Thermionic Culture The Fat Bustard II Special Limited Edition review

Analogue summing mixer

  • £4260
  • €4899
  • $5899
The Bustard's construction is of the highest quality and the control layout neat and intuitive

MusicRadar Verdict

A classy summing mixer for Fat Bustard fans and beyond whom enjoy greater clarity and less noise.


  • +

    Ability to sum signals while adding character. Attitude knob. Musical EQ.


  • -


MusicRadar's got your back Our team of expert musicians and producers spends hours testing products to help you choose the best music-making gear for you. Find out more about how we test.

When it comes to creating a stereo mix of your production, there are those who will happily mix 'in the box', doing everything digitally on the computer, and those who will swear by breaking out into the analogue domain, putting individual tracks or stems through a hardware device that will sum them to stereo. The Thermionic Culture Green Bustard II is a product for the latter group.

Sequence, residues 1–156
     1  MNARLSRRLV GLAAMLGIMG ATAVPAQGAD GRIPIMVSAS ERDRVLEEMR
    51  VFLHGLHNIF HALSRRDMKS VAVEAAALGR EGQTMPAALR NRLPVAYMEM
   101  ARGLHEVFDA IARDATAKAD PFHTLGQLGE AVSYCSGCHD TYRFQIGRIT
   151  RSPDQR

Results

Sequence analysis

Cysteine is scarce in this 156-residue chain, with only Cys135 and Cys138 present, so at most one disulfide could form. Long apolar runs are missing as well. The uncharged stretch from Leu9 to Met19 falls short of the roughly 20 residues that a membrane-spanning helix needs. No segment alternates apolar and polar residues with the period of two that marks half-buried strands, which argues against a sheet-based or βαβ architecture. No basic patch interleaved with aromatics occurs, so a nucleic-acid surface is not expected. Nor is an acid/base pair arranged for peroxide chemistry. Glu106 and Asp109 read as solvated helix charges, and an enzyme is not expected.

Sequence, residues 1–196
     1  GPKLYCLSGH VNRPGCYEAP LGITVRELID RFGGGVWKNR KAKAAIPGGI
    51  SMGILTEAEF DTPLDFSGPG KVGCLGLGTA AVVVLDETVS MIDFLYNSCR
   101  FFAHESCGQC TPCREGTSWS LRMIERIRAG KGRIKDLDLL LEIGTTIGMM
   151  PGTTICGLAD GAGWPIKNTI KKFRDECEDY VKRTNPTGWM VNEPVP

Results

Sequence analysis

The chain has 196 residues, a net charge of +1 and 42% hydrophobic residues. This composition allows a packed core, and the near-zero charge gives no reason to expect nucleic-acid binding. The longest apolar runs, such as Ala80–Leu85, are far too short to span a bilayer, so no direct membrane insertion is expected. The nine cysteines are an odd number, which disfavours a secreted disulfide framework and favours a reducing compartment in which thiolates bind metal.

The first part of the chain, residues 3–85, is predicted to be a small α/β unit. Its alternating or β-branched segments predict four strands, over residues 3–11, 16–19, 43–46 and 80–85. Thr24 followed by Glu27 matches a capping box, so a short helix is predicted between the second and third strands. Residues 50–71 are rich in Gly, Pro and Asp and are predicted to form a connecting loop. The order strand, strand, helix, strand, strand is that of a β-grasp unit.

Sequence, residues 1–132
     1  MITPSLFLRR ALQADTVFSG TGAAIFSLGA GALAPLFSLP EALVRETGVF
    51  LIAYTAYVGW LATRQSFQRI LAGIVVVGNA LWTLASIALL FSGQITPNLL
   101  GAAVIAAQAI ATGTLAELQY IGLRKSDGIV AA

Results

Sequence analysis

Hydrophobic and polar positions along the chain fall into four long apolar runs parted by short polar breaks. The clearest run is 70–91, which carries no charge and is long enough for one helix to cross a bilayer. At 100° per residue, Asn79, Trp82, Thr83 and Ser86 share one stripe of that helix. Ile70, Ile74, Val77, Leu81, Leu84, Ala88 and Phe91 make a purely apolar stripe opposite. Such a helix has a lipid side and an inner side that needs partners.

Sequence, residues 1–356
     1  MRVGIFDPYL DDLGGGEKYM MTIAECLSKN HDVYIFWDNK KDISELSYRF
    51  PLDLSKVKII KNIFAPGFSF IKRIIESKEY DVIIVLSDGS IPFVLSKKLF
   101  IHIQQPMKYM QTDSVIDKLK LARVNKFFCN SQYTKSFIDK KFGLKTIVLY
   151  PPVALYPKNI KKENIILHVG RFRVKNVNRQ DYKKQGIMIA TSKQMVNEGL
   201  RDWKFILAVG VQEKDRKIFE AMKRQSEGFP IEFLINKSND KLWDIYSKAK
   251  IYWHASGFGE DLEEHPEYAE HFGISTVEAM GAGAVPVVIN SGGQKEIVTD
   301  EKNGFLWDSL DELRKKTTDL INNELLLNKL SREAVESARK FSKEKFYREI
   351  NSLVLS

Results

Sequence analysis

A 14-channel all-valve passive summing mixer, the 'Bustard II not only combines those analogue channels into a single stereo channel but also features a nice range of facilities to tweak the audio and make the most of that mix.

This version of the (normally black) Fat Bustard II is finished in British racing green and is a limited edition model produced in response to a customer who wanted less colouration and lower distortion than the stock version.

Green giant

"A big presence in your studio, the Bustard is a rack-mounting unit taking up four standard rackmount spaces"

A big presence in your studio, the Bustard is a rack-mounting unit taking up four standard rackmount spaces (be aware that if you place it in a rack, it will need an extra space above to allow for ventilation of the valves).

Construction is of the highest quality and the control layout neat and intuitive. All of the unit's inputs are via XLRs and the 14 channels are made up of four stereo pairs (channels 1-8), four mono channels (9-12) and a pair of auxiliary inputs that can be used as a further two inputs to be summed or as an interface to add the 16-channel Little Bustard, extending the number of input channels to be summed.